How to overcome the many tech battles MOPs teams face daily
From security updates and web application firewalls to regular system hygiene, marketing technologists have multiple options to safeguard their brand from malicious activity.
Martech practitioners face many different challenges beyond those related to organizational politics. Unfortunately, there are bad actors out there to keep us on our toes. As hybrid professionals, we shouldn’t just leave these challenges to the techies — isn’t “tech” our specialty?
Most of these battles are with spammers, bots, hackers, and other bad actors, but there’s little need to feel helpless. When it comes to countermeasures to thwart them, there are many options.
Honey Pots. I’ve seen a couple of different types. One is placing a field on a form that’s hidden by CSS. Humans won’t see it, but bots will see it in the code. So, if that field is filled out, then a submission is rejected. Second, there’s a timing strategy. A form submission that occurs quicker than two seconds of page load should throw red flags.
However, keep in mind that with browser auto-fill functionality, one shouldn’t make this too stringent. In addition to flagging a suspiciously quick submission, it may also make sense to consider submissions that take too long. Using web analytics data can help provide guidance on how to address timing by looking at behavior on forms.
reCAPTCHA. Have you ever been asked to identify the characters in a fuzzy image, the pictures with cars in them, or words scanned from a book? That’s reCAPTCHA. These tools can help fight spam and other fraudulent activity. Despite this, there are some things to consider. First, there are accessibility concerns; be sure to offer validation options for site visitors with accessibility needs. Second, in my experience, I’ve seen spammers evade this countermeasure by spoofing successful reCAPTCHA (in fact, I’m referring to Google’s tool) responses. So, keep an eye on them.
Security Updates. Keep your applications and systems updated! There are a variety of angles to consider here. For instance, I have managed several opensource CMS websites for clients in the past, and all of these platforms have security concerns that vary in severity. There were times when spammers would deface the site using a particularly insecure platform, and the vulnerabilities came through core code and plugins. In order to address the defacement, we would restore the site from a backup and then apply updates to plug holes.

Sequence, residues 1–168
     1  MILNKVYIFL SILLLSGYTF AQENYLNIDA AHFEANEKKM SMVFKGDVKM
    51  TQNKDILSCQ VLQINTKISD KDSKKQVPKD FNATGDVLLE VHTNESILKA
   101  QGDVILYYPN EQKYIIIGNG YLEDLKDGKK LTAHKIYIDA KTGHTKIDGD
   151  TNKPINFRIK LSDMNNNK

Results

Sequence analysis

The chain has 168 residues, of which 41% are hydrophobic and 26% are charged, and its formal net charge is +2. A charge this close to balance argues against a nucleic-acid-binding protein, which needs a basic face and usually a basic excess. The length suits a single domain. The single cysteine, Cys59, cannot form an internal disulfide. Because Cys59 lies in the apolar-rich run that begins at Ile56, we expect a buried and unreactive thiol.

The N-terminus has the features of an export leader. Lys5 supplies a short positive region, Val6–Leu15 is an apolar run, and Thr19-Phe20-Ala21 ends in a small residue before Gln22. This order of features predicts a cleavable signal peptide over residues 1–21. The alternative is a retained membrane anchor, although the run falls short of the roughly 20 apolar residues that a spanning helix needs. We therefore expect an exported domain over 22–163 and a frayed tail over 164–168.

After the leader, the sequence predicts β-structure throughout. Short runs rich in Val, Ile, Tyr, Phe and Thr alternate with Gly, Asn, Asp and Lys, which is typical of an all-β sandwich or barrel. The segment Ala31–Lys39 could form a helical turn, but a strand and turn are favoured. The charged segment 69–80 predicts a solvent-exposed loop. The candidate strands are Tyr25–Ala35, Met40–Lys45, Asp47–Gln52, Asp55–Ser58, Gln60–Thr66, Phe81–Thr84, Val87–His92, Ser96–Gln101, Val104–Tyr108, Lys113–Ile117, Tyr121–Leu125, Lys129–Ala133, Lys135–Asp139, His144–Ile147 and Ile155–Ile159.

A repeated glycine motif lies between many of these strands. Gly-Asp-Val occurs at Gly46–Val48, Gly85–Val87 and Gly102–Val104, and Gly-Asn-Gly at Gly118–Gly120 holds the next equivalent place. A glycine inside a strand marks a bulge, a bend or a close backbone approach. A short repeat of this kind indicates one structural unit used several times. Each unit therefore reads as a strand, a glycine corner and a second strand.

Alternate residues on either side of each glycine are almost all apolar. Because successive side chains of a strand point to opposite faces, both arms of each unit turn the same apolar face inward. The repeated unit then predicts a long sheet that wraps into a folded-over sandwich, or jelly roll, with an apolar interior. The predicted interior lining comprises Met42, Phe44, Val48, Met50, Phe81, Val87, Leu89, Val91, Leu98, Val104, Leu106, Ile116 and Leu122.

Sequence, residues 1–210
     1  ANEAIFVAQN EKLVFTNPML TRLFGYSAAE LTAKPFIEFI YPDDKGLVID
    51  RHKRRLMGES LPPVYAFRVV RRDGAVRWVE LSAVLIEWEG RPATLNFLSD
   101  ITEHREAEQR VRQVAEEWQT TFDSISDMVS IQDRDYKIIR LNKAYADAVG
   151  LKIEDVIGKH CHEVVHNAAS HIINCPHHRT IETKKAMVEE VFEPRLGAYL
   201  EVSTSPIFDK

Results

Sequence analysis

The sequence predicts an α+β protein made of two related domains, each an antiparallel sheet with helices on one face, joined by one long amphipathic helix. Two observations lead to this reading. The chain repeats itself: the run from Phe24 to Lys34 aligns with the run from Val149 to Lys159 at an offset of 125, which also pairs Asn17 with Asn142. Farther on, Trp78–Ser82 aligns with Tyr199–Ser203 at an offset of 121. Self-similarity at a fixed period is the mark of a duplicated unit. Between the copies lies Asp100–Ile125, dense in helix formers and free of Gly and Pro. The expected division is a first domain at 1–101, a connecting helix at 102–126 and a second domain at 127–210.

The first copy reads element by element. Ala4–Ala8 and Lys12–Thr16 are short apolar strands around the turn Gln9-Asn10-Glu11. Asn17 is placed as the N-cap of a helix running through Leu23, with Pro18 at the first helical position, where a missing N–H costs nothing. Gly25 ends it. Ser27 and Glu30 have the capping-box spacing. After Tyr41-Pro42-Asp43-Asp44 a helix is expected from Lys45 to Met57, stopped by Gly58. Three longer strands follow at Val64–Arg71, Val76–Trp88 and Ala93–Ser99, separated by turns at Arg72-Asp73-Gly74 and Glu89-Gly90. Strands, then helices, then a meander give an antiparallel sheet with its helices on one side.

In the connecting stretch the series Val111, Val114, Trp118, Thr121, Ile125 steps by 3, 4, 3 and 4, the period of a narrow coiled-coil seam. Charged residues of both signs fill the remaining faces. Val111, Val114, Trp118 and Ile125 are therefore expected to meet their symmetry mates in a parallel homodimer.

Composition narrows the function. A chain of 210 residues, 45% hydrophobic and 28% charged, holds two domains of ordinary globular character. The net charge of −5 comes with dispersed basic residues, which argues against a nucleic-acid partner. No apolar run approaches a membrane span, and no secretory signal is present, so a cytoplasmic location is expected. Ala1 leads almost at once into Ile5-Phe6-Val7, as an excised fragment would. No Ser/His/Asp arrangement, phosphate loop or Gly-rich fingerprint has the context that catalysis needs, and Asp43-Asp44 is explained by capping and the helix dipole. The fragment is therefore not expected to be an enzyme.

Opensource doesn’t necessarily mean insecure; some communities are very active and robust with their security. So, it’s important to tap into the security channels and update code when warranted. Even closed platforms release updates on a defined cadence. In many cases, platforms and communities will also communicate about security updates to underlying code libraries.
Further, there’s more to worry about than the application. There’s the server, its operating system, and other software. Hosting companies typically assume responsibility for these layers and will inform their clients of updates and any brief impacts to availability. Organizations managing their own infrastructure need to stay on top of this.
Web Application Firewalls (WAF). These firewalls put additional layers between people and the servers and databases serving the website. They’re typically paired with Content Delivery Network (CDN) services. WAFs monitor wide swaths of internet traffic and try to proactively block suspicious traffic (like spammers and malicious bots) and even absorb DDoS attacks while protecting a site’s underlying infrastructure. For instance, if they see sketchy behavior on a site from an IP address range, the provider can block that for the other sites it serves. Or if they notice that hundreds of smart baby monitors are hitting a specific site, it can block that traffic, too. This is a particularly valuable tool to combat bad actors.
Regular System Hygiene. This includes active user management among other tasks. It’s important to review who has access to a system to determine if they’re still with the organization or need access anymore. Each account is a vector of attack. Another important practice is to review user roles and permissions. Platforms like Drupal provide rather granular permissions control, and sometimes it requires some consideration of the consequences of granting specific rights.
These aren’t perfect solutions, but they’re better than nothing. Bad actors are competent, persistent, and eager to neutralize countermeasures. So, this is an ongoing battle, which means our IT security friends have job security.